From the very first scene of Sofia sprawled on her bed surrounded by childhood memorabilia while an extended definition of “limbo” plays out over the screen, there’s a sense of the series turning on disavowal – both Sofia’s about her own trauma and the family’s about its true past. Could you comment?
Tiscornia: That’s a very interesting interpretation. “Limbo,” in a metaphorical and deep sense, turns on how a person tries to return to the scenes of her trauma and from a point of view of childhood suffering, find release, advance where she’s been paralyzed, and break through her agglutinated emotions. Sofia has built a life, but it’s separate from her. Now, she can discover if, returning, she can confront a future with other weapons.
After Sofía gets on a private jet and flies back to Buenos Aires for her father’s funeral, the series narrates her return to a patriarchal context, a family business now run by her two brothers who have rejected her, writing her off as “Sou-Sou.” There’s a sense that the series will increasingly follow Sofia’s empowerment, as she proves her worth while discovering the family’s real past….
Macri: Rejection is maybe too strong a word but, yes, she clearly forms part of a traditional family with a very patriarchal structure and a hugely powerful father who over-protected her, gave her everything she wanted. When the father dies, she can feel a certain sense of liberation to try become who she wants to be.
The series is told – literally when it comes to her voiceover – from Sofia’s point of view, from that of a young hypoacoustic woman, which frees a director from any sense of immediate realism, allowing you to show what Sofía sees, feels and hears when she wants to….
Macri: This was one of the things which really excited me about the project. To know that we had a protagonist who’s a woman, with her deafness and particular way of hearing. This gives her a very singular way of seeing the world. We tried consistently to play as much as we could with this and explore her sensibility when seeing the world to see things as she does….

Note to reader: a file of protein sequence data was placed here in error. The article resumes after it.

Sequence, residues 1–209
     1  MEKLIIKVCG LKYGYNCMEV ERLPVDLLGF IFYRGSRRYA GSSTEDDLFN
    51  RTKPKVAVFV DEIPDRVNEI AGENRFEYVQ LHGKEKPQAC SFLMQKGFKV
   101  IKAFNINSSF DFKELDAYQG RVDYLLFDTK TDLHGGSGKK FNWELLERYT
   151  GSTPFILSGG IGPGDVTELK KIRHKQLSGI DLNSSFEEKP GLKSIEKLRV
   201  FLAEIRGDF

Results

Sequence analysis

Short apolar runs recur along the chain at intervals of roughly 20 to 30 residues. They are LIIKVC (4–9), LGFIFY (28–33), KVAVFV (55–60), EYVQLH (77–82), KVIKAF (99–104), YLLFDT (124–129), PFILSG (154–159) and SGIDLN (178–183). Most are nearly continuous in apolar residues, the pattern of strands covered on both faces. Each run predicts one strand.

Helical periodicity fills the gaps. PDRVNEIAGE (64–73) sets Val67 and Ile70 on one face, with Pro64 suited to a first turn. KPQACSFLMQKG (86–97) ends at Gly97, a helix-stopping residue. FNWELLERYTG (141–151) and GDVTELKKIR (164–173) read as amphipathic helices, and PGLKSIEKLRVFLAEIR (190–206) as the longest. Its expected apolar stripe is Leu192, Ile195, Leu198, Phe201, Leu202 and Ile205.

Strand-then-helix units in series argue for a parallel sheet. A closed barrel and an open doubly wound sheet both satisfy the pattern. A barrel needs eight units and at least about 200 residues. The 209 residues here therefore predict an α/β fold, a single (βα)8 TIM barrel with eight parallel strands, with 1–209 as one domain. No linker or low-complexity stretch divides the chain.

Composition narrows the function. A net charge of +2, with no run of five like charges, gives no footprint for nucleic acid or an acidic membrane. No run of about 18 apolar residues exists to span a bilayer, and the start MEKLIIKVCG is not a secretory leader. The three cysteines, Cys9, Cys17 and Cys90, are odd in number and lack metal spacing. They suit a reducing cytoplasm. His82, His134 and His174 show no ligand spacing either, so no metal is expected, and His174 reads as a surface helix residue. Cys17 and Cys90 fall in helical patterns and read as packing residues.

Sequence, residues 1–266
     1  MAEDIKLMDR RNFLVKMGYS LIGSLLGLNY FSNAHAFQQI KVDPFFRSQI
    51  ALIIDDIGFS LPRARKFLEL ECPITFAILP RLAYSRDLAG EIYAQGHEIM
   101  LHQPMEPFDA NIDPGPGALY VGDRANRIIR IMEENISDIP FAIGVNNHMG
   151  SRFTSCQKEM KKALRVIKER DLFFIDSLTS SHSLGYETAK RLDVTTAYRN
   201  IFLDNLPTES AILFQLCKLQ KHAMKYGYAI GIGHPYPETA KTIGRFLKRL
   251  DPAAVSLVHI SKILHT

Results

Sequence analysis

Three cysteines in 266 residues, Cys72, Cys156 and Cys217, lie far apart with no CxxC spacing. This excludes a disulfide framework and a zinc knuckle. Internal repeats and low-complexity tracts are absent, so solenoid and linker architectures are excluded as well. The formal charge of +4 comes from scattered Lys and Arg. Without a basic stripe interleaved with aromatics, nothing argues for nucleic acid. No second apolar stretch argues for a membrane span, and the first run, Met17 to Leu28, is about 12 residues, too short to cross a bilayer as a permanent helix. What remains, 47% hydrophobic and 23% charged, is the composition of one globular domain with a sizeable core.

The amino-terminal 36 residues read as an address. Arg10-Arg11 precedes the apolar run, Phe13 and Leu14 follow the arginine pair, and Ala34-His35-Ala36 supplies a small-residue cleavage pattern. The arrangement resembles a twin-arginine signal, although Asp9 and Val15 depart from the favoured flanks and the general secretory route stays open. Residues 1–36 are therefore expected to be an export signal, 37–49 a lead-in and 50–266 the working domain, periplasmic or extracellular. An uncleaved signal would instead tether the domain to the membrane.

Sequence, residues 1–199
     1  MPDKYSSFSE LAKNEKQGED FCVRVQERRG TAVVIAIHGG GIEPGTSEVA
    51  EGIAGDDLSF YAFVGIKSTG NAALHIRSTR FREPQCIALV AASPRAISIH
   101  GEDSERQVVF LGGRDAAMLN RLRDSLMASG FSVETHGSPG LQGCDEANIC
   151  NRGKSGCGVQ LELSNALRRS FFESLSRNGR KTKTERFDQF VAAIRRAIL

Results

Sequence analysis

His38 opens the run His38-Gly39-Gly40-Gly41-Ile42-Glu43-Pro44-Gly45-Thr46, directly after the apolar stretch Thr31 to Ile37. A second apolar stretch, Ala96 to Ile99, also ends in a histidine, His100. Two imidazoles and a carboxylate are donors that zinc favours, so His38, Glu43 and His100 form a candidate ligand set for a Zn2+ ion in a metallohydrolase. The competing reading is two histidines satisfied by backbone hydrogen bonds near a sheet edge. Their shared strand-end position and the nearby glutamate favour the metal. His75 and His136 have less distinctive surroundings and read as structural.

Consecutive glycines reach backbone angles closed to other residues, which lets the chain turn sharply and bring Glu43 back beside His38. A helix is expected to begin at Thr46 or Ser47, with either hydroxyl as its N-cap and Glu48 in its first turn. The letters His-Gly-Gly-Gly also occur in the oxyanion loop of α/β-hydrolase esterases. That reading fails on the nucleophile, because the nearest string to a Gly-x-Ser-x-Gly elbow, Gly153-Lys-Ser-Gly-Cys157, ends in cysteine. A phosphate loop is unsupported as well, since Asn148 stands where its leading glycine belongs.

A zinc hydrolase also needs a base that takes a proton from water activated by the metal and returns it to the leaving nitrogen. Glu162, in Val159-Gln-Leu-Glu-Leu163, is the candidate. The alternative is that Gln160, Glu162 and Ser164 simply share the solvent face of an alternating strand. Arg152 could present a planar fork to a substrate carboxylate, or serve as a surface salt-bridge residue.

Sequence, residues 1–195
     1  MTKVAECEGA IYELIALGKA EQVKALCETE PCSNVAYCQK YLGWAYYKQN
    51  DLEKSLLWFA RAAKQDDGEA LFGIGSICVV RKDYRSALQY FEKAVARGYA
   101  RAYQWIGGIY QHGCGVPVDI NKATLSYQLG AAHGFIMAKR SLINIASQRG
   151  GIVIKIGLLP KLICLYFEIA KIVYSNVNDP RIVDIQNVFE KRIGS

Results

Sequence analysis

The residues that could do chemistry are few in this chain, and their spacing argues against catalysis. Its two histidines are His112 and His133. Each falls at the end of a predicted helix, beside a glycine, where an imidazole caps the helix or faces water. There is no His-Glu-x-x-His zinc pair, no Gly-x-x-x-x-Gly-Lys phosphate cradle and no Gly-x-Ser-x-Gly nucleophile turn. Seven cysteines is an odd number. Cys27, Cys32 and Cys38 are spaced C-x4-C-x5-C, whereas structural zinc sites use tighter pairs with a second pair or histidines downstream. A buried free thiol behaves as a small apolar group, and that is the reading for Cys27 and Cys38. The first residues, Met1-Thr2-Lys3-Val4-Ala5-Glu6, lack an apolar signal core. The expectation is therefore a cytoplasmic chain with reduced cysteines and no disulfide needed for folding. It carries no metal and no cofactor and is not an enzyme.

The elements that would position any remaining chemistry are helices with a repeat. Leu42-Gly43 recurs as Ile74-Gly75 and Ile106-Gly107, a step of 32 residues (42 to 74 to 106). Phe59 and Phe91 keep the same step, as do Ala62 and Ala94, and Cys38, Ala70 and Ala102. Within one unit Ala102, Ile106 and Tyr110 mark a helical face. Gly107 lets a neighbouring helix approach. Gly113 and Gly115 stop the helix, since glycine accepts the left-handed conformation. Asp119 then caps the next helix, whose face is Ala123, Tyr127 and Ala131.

You take this to the point of Episode Two acquiring a dominant oneiric blue tone, or shooting an intimate scene, her reencounter with her best friend, in mid-shot; or counterpointing action with a contrasting soundtrack…
Aranguibel: It’s key what you’re saying. The early episodes hint subtly at the trauma which leads to her deafness. Not being able to hear transforms her, closes her into herself. It’s one key to the series told by such a present and personal narrator. The original idea came from Diego Lerner, president of Walt Disney Company Latin America. He has a direct connection with people who suffer deafness and with an organization in Argentina. It was Diego’s idea to work around the theme of deafness and the transformation of a fragile, lost woman; how she finds empowerment and encounters herself and transforms her world.
Tiscornia: The implant and deafness in general hadn’t really been treated in many series. We now have “Sound of Metal” but it’s one of the original aspects of the series….
You teamed with Pampa Films for “Monzon,” Leonardo, which set a new bar in Latin America, I think, for its sound design and soundtrack….
There are various throughlines with “Monzón.” It’s the same production house, Argentina’s Pampa Films. And the composer’s the same, Sergei Grosny. Given Sofía’s hypoacoustic, the soundtrack in “Limbo” can have even larger narrative importance than in “Monzón.” It’s a beautiful piece of work, turning on when Sofía connects and turns off her implant.